Shoppach, 32, has appeared in 33 games for Boston this year as the backup for Jarrod Saltalamacchia, posting a batting line of .269/.358/.527 with four home runs and 12 RBI.
A career .227 hitter, Shoppach is solid defensively and wouldn't cost much in terms of prospects to acquire. That being the case, Josh Thole has done a solid job for the Mets this season and has developed a repore with Johan Santana and R.A. Dickey.
If the idea behind acquiring Shoppach (or Hernandez for that matter) is to replace Mike Nickeas with an experienced backup, that's one thing. But if the plan is for either Shoppach or Hernandez to cut into Thole's playing time, that should be avoided at all costs.
Fuentes would be a risky proposition...
Update July 14th:
The Cardinals have signed Fuentes to a minor league deal, so he is no longer an option for the Mets.
The #Cardinals have agreed to terms on a minor league deal with LHP Brian Fuentes.
— St. Louis Cardinals (@Cardinals) July 14, 2012
Update July 11:
The A's have released Fuentes, making him a free agent who can now be signed for a pro-rated portion of the MLB minimum salary.
Whether the Mets have any interest remains to be seen, but he is someone worth keeping an eye on as he'd cost no prospects to obtain.
This is more speculation than anything else, but given the Mets' bullpen woes, it merits discussion.
With 36-year-old left-handed reliever Brian Fuentes being designated for assignment by the Oakland A's yesterday, one has to wonder if Fuentes would be an attractive option for the Mets.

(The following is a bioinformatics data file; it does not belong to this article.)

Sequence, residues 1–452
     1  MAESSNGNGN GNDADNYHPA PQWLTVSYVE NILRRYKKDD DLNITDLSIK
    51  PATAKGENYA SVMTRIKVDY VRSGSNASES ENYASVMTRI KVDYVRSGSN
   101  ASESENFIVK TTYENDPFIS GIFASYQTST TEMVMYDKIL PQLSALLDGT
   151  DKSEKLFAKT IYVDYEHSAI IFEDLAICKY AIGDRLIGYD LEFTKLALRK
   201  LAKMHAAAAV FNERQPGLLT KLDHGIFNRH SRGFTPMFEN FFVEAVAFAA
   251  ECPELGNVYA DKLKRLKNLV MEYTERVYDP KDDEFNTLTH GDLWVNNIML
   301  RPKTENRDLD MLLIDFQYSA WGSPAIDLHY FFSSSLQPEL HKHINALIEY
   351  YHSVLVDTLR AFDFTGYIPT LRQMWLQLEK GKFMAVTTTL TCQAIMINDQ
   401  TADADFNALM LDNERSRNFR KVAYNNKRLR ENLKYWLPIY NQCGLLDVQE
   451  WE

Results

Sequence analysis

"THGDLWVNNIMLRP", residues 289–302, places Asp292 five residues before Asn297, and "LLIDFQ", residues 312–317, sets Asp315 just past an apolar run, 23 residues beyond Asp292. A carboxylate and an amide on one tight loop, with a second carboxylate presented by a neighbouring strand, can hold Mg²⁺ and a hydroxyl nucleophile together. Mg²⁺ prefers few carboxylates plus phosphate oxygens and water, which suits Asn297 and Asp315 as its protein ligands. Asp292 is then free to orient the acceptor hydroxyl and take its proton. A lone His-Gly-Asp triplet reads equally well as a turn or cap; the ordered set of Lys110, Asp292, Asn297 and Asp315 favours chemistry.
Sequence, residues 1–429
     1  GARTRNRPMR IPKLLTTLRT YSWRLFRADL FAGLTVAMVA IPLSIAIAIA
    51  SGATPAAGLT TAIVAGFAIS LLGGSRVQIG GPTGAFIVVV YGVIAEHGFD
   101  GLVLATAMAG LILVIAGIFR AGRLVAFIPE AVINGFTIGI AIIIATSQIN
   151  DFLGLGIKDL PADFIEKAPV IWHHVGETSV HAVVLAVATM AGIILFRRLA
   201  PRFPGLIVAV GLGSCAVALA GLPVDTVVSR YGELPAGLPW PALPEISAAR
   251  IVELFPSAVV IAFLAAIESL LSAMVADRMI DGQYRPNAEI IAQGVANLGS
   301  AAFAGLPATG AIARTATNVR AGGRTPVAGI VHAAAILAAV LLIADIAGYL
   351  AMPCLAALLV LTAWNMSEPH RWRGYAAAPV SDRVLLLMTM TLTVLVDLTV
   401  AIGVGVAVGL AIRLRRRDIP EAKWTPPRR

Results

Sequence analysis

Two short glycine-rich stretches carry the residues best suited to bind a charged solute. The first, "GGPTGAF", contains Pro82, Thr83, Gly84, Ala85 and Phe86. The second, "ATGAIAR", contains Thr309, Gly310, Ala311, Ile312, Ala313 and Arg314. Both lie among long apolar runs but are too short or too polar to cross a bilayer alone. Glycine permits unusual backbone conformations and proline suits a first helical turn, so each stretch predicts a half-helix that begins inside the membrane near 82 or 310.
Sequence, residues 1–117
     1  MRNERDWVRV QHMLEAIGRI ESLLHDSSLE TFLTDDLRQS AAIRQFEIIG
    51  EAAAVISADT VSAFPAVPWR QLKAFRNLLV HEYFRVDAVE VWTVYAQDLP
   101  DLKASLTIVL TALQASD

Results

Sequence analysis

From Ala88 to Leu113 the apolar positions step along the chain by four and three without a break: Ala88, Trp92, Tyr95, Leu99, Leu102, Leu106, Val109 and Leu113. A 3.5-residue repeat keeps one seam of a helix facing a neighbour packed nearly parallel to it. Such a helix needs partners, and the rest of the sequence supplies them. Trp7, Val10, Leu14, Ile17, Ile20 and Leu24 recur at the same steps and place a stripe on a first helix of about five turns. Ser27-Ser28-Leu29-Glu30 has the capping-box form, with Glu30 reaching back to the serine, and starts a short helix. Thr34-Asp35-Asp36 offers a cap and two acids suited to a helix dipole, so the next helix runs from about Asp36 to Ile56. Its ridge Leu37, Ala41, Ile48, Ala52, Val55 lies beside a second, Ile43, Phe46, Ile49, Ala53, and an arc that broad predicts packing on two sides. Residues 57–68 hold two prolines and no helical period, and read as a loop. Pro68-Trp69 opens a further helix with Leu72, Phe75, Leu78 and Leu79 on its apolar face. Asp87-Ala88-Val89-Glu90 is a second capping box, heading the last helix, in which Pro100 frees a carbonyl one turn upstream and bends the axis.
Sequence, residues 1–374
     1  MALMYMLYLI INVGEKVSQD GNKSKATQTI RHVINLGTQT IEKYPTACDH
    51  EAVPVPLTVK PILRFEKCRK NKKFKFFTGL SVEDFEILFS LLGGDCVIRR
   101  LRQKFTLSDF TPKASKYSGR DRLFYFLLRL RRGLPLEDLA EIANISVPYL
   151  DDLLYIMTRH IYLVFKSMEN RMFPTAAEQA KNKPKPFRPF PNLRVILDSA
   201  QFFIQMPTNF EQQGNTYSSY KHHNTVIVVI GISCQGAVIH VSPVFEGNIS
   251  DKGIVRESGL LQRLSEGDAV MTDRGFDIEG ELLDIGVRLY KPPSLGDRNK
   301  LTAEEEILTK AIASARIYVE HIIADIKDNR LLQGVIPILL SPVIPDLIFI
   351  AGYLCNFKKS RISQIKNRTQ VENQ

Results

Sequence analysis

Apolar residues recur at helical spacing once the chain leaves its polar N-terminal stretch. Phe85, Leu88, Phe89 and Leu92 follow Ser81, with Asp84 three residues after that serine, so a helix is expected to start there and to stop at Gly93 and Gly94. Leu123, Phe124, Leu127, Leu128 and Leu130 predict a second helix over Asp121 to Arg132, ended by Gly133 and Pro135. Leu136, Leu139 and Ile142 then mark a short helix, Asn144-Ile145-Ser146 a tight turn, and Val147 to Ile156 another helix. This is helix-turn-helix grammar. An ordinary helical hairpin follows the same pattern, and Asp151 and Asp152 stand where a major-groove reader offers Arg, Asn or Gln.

While he is owed a considerable amount of money—the remainder of his $5 million salary in 2012 plus an additional $500,000 to buy out the $6.5 million team option in his deal for the 2013 season—Fuentes isn't likely to command much in terms of prospects heading back to Oakland.
Fuentes has experience in the National League, having spent seven seasons with the Colorado Rockies from 2002 through 2008, where he posted a 3.38 ERA, 1.24 WHIP and 115 saves to go along with a 10.3 K/9 ratio.
Should the Mets pursue Fuentes?
It depends on which Brian Fuentes you are getting: the Fuentes who held batters to a .222/.260/.347 batting line with a 2.84 ERA and converted four-of-five save opportunities through his first 19 games this season, or the Fuentes who has seen batters post a .452/.553/.903 batting line with a 19.50 ERA and two blown saves over his last nine appearances.
While the money Fuentes is owed may not be ideal for the Mets, the cost in terms of prospects likely would be.
Fuentes wouldn't be my first choice to bolster the Mets' bullpen, but he's worth taking a chance on. He certainly couldn't be much worse than what they've been throwing out there as of late.
Is Carlos Quentin destined for Citi Field?
Update: July 6
Ken Rosenthal of Fox Sports says that the Mets are long shots to try and acquire Huston Street from the Padres (and we can presumably include Carlos Quentin in this as well) based on the fact that the team does not want to move their best prospects in any deal.
It remains to be seen if Quentin and/or Street would cost a top prospect as rental players, so I'm not sure that we can completely discount the Mets from pursuing either Padre at this point.
Rosenthal, like ESPN's Buster Olney pointed out yesterday, believes that the Mets will wait as long as possible before making a move.